Get out the microscope, because we’re going through this poem line-by-line.
At fourteen I married My Lord you,
I never laughed, being bashful.
Lowering my head, I looked at the wall.
Called to, a thousand times, I never looked back.
- At age fourteen, they get married! (That might sound wild to us, but remember that this letter is coming from a different time and place.)
- According to the wife, her husband is her lord—or, more importantly, her "Lord."
- The capitalization of "Lord" suggests that the husband fits into the role of the noble (a medieval term for boss), and the wife is then the vassal (a medieval word for a loyal supporter of a lesser status).
- Again: shock! But, for all you gals out there, remember that women didn't even have the right to vote in 1915.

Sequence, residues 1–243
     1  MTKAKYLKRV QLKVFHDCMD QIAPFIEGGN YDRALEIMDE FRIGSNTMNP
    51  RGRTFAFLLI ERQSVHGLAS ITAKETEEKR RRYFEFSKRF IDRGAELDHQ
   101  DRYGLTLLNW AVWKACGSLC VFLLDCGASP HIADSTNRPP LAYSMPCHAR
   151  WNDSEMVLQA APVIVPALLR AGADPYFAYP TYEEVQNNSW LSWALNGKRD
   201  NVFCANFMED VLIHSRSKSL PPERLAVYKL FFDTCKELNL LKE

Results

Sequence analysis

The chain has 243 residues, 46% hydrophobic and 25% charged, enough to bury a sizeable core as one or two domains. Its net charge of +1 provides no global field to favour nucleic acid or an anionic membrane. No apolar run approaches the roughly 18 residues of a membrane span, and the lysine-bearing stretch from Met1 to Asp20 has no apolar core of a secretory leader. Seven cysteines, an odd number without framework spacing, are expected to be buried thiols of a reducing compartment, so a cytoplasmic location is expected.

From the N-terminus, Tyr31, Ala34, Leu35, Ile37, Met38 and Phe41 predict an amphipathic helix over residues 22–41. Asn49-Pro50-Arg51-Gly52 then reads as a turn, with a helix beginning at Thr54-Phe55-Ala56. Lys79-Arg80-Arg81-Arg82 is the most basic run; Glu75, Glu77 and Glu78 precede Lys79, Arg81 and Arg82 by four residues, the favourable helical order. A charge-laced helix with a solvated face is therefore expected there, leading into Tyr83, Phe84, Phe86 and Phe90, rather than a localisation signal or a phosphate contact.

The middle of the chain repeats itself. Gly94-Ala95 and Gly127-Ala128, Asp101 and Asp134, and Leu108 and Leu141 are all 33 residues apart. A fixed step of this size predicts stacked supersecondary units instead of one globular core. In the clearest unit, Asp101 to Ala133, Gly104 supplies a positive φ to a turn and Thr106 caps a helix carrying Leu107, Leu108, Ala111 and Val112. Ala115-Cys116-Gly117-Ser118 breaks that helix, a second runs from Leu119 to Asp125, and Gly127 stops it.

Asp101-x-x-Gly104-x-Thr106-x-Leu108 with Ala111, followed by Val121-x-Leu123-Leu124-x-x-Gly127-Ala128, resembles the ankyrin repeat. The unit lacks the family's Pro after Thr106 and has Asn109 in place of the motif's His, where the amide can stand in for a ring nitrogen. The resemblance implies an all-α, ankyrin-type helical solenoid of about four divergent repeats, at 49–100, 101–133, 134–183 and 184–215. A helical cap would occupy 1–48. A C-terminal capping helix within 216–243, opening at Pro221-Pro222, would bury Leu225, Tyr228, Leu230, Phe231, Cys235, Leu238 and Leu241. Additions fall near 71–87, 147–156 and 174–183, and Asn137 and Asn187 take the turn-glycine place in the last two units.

- So this fourteen-year-old child-bride is all shy and passive. She doesn't even look her husband (or anyone else for that matter) in the eye.
- Yes, even when people called to her, she never looked up from the ground or the wall.
- Now, what do you make of this passivity? Is she showing ultimate respect? Is she just being super-duper-shy? Another way of looking at this stanza is to see it as evidence of how she resisted the marriage: namely, by ignoring her new husband. So, maybe things didn't start out happily ever after. Let's see how they turned out…